Understanding past climatic and environmental change is clearly relevant to predicting the future. This contention is not new (Alverson et al. 2000, 2003; Alverson and Kull 2003), but a few salient examples deserve highlighting here.
• The paleorecord extends instrumental climate records thereby increasing the statistical significance of documented anthropogenic change.
• Long-term processes in the paleorecord operating on timescales of decades to millennia are still occurring and will influence the present and the future as they have in the past.
• The paleorecord contains a much fuller representation of the range of climatic and environmental variability than do either the instrumental record or numerical models.
• The paleorecord abounds with large and abrupt climate changes.
• The paleorecord includes numerous examples of the interaction between climate change in ecosystems and even societies.
Growing attention has been paid to the possible ramifications of potential future abrupt shifts beyond the range of variability on which planning and construction schemes are based and even outside the envelope of scenario future projections generated by climate models. The record of climate variability back through time reveals that such changes, often sudden, and sometimes persistent on decadal to century timescales. By the very nature of nonlinear systems, which are marked by sensitive dependence on initial conditions, such abrupt changes will remain largely unpredictable, no matter how sophisticated coupled, dynamical climate models may become. Thus, the best way to account for them is to develop scenarios based on past events.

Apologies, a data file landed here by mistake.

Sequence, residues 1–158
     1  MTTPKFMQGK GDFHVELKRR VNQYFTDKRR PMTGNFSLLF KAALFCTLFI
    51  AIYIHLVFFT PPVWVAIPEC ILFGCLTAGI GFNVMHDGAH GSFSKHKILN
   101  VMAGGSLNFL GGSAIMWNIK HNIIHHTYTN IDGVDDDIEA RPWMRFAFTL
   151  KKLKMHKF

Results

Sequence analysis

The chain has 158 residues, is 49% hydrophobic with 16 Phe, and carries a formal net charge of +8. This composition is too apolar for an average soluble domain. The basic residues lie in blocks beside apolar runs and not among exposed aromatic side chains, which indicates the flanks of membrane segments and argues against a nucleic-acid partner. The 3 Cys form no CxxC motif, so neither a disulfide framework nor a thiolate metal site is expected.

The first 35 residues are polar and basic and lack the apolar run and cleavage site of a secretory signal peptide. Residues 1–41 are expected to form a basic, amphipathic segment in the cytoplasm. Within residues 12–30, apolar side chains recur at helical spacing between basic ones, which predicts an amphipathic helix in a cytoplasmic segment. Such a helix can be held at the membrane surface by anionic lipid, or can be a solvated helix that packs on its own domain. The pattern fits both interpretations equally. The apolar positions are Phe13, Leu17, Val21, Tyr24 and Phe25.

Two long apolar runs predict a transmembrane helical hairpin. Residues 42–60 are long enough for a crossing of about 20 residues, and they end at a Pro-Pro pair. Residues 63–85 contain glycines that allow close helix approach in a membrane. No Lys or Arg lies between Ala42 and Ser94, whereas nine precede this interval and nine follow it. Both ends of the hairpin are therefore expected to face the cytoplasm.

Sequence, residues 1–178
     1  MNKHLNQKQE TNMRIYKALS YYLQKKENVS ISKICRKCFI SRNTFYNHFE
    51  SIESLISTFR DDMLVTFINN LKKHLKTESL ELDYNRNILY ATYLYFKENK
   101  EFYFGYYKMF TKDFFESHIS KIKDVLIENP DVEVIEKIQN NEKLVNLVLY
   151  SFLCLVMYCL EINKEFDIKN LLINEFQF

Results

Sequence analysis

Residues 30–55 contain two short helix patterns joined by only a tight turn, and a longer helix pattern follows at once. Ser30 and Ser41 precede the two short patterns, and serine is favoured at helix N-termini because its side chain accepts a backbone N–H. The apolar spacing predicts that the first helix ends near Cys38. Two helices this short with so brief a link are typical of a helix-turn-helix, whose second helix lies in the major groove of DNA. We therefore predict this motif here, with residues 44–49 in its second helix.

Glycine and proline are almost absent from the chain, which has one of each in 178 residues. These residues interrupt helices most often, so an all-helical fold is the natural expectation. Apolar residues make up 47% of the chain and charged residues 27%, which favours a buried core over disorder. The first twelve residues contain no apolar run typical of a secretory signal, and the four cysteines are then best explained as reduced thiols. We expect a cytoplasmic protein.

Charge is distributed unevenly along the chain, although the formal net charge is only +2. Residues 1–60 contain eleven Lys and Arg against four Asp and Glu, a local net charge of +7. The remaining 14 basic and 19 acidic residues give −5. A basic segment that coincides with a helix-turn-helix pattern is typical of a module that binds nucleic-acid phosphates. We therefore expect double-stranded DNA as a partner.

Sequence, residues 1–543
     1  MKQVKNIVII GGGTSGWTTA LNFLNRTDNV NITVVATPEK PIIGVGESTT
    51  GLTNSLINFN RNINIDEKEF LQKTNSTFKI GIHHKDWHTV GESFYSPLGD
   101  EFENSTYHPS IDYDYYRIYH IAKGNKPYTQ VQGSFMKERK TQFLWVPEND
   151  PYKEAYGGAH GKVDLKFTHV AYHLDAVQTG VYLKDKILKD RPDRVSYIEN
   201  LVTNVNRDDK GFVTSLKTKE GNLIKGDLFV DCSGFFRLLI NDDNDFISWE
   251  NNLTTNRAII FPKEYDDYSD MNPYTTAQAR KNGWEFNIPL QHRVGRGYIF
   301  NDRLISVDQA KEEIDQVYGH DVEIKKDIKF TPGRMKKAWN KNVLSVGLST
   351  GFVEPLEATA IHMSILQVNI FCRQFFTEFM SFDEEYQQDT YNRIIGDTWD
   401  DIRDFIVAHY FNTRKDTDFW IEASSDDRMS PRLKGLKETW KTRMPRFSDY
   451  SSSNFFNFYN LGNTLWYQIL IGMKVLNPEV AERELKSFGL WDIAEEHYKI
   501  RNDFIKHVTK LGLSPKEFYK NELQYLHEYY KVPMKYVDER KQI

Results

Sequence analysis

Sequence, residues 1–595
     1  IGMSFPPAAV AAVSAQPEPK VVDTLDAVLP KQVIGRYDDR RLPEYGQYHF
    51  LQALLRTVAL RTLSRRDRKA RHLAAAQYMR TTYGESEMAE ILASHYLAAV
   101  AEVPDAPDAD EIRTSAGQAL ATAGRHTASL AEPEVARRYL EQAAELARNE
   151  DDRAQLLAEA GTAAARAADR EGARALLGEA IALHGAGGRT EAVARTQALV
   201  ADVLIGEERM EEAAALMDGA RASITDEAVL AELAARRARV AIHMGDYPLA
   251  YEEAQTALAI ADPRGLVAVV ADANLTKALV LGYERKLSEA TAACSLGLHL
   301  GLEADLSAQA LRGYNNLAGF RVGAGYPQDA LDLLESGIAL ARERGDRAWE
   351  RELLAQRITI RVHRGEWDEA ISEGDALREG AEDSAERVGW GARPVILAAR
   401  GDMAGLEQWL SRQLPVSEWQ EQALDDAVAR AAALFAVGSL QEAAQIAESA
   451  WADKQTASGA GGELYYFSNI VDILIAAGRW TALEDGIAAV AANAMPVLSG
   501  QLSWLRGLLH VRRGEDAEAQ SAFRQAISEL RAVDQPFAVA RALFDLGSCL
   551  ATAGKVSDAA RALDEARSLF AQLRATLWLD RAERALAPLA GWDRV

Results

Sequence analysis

Examples of abrupt climate events in the paleorecord are not limited to Greenland or glacial periods. Hydrological variability such as that shown in O Figure 12.7, for example, includes sudden and high amplitude changes that can be persistent for decades to centuries. Such variability lies well outside the range of instrumental records. Concepts of future environmental sustainability, water supply, and food security are limited and potentially dangerously short sighted if they fail to accommodate such evidence, especially given that these records are from regions that today experiences widespread catastrophic human casualties following on just a few consecutive years of drought. Climate variability and environmental change have played a major role in the welfare of human societies in the past, and all current indications are that their significance may be even greater in the future. The combination of high vulnerability to environmental hazards, such as floods and droughts, and continuing rapid population growth leave parts of the region under serious threat from increased variability, extreme events and future sea-level rise. Climate variability affects human welfare in a variety of ways and on a range of spatial and temporal scales. Equally, as land cover and agricultural practices change in response to evolving human needs there are important feedbacks to the climate system. The paleorecord holds vital clues as to how these interactions work. Improving the quality and long-term security of water supplies, enhancing agricultural productivity, and planning for the avoidance or mitigation of environmental hazards are all of high priority for human societies, and they all require a good understanding of past variability, human responses, and human-environment interactions.
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